FamilySearch International recently observed the 120th anniversary of the formation of its forerunner, the Genealogical Society of Utah. FamilySearch is the largest worldwide Internet genealogy service in the world.

The Genealogical Society of Utah was formed in 1894 under the direction of President Wilford Woodruff to help Church members—then largely immigrants from Europe and the British Isles concentrated in Utah—to seek out their ancestors and preserve their family trees for future generations.

Today, the vast collection of historical records and family history services are available for free to anyone at, at Family History Centers worldwide, and at the Family History Library in Salt Lake City.

Here’s a quick overview of the history. For more details, read the article “FamilySearch Celebrates 120 Years.”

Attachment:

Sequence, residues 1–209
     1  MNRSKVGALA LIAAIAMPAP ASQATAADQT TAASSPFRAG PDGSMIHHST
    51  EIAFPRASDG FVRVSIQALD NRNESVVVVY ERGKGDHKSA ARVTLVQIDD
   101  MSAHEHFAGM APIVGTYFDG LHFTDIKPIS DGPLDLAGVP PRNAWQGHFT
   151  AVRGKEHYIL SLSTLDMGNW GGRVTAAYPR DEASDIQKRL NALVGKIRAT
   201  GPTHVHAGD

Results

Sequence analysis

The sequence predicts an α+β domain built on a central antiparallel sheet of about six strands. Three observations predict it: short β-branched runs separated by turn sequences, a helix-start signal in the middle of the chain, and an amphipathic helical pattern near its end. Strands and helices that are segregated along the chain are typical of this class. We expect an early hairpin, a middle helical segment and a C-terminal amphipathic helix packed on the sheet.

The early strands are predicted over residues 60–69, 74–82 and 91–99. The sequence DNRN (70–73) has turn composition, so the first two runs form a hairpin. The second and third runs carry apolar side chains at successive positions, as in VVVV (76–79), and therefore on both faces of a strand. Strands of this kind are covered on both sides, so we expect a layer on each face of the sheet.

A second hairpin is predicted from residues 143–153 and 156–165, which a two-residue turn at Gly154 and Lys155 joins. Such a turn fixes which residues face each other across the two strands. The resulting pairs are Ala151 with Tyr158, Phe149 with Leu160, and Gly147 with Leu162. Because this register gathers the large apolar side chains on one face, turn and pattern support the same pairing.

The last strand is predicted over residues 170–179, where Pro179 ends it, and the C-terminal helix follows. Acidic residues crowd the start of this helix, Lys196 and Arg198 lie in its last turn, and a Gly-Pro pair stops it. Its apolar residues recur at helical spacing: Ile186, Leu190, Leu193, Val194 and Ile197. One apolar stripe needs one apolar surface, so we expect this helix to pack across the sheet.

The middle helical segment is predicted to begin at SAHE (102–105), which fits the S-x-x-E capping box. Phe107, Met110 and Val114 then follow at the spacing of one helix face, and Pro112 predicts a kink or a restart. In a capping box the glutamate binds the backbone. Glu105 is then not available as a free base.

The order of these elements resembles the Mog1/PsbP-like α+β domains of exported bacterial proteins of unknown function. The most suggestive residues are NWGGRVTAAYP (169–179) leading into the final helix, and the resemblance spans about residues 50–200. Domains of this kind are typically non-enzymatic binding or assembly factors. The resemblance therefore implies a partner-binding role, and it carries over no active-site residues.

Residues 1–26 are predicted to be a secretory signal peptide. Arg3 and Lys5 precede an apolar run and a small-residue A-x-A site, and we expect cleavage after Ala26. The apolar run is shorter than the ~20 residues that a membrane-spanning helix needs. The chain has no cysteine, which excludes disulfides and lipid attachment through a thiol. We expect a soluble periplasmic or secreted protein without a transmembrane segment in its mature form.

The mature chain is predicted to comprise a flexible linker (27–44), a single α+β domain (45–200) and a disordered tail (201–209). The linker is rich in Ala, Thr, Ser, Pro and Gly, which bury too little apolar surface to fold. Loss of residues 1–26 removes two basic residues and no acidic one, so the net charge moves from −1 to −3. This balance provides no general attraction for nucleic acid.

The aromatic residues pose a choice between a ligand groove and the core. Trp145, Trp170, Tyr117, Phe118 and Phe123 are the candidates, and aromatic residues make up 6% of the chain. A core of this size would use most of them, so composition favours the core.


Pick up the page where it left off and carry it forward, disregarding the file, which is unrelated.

• During the Great Depression in the 1930s, the society pioneered the use of microfilm to preserve and provide access to the world’s genealogical records.
  • In 1963, the society completed the Granite Mountain Records Vault for long-term storage of microfilmed records. More than 2.4 million rolls of film from more than 120 countries and principalities are stored there today.
  • In 1984, the society pioneered one of the first desktop genealogy management software programs, Personal Ancestral File. It also developed GEDCOM, a software code for sharing genealogical data.
  • In 1999, it launched the free website, which is available today in 10 languages.
  • In 2007, FamilySearch began crowd-sourcing family history by creating a website where volunteers could index records to make them searchable. Over 1 billion records have been indexed in just 7 years.
  • In 2013, they introduced Family Tree and Memories, which let you build, preserve, and share your family trees, photos, stories, and historical documents collaboratively.
  • Today, FamilySearch is used by tens of millions of people to build, preserve, share, and research their family histories and records.


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